Top   #24
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Quote:
Originally Posted by Shardz View Post
Approaching the card in a more generalized fashion and mindset, the spirtual number seven represented here with the various aspects in place could also possibly allude to the seven Deadly Sins and/or the seven Divine Virtues. Choosing to shed the deeper esoteric meanings, which Waite was infamously known to do with the Minor Arcana (as he was obviously thinking about sex every 7 seconds), one can arrive at numerous meanings to suit the current relative spread in question.

However, this card in particular brings a lot of mystery to the table with the wide array of symbolism that definitely encourages intense visual study. As is the case with looking at clouds or defining ink blotter images, a wealth of things can present themselves at a glance. Moving forward to the wreath of victory, it would appear to yield what looks like a small 7 in the bottom middle of the wreath, along with what appears to be a skull on the cup.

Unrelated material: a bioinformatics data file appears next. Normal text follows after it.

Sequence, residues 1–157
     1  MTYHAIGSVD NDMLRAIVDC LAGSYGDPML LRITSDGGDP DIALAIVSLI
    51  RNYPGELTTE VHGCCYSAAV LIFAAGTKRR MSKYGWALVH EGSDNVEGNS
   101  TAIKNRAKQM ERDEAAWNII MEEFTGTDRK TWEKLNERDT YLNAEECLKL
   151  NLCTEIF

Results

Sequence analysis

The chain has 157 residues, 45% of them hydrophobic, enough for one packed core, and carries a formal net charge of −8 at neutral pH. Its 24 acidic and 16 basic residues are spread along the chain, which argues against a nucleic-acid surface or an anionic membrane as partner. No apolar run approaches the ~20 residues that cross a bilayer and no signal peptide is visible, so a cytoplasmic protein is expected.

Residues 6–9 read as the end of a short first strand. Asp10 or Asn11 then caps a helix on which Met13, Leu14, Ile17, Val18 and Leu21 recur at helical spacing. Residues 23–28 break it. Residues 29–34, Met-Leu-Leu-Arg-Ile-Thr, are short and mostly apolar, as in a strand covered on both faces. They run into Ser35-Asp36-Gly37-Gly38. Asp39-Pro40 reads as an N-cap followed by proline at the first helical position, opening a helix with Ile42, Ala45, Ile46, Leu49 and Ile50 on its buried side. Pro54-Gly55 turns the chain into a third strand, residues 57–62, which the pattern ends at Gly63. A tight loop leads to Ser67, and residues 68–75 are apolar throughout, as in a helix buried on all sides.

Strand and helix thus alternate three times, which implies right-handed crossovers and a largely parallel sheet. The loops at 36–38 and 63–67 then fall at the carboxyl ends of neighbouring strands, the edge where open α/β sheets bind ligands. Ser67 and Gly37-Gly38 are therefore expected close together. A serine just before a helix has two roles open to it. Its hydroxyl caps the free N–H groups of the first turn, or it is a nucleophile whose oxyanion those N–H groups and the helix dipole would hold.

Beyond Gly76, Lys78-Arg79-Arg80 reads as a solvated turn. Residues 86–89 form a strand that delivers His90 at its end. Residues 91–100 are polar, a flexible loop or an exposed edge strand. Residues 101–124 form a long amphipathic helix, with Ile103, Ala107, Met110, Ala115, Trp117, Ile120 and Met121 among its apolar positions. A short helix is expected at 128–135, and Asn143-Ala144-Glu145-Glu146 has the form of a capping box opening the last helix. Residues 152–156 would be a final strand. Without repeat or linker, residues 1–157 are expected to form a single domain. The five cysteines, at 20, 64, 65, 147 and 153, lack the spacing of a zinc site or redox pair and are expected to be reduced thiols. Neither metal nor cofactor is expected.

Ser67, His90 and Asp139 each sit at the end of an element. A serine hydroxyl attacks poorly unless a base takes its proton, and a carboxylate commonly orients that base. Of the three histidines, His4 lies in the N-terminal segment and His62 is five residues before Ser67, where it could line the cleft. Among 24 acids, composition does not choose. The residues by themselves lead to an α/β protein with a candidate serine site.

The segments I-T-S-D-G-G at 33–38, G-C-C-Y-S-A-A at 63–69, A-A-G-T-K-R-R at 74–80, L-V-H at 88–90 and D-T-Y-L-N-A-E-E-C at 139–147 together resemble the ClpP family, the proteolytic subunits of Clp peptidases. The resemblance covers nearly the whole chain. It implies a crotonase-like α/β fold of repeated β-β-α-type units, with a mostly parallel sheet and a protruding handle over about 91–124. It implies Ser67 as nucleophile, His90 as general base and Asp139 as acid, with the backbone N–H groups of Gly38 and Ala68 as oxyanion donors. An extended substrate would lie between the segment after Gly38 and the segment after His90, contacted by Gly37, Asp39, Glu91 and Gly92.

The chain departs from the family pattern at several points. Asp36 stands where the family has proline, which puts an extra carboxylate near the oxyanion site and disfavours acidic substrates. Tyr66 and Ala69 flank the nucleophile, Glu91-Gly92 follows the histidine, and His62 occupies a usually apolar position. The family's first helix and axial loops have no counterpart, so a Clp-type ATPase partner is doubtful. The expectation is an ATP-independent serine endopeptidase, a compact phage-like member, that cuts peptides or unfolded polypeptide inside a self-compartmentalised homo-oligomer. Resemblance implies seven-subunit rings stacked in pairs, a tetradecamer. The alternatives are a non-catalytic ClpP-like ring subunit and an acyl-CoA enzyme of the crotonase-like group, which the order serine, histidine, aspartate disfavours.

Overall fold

Wreath of Victory in the 7 of Cups

Quite a few Tarot authors have associated VII The Chariot with victory, though I tend to lean towards conscious Will with that particular card. The evident skull on the cup eludes me completely, unless I am just imagining things and it's simply tarnish or remnants of the printing process. As this card is also associated with Scorpio, there is indeed enough mystery to uncover here to satisfy nearly any curious Scorpio's research endeavors. Altered consciousness would be an understatement in deciphering all the symbolism presented here, especially with Waite's paltry explanations of the Minor Arcana (and arguably a great deal of his writings in the Pictorial Key to the Tarot.)
Since the number 7 is the number of "magical vibration".... and is the number of the occultist and the esoteric perhaps that is the sole meaning of "7" here.....especially it is all just a fantasy. Any thoughts on that?
Top   #25
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Quote:
Originally Posted by Shardz View Post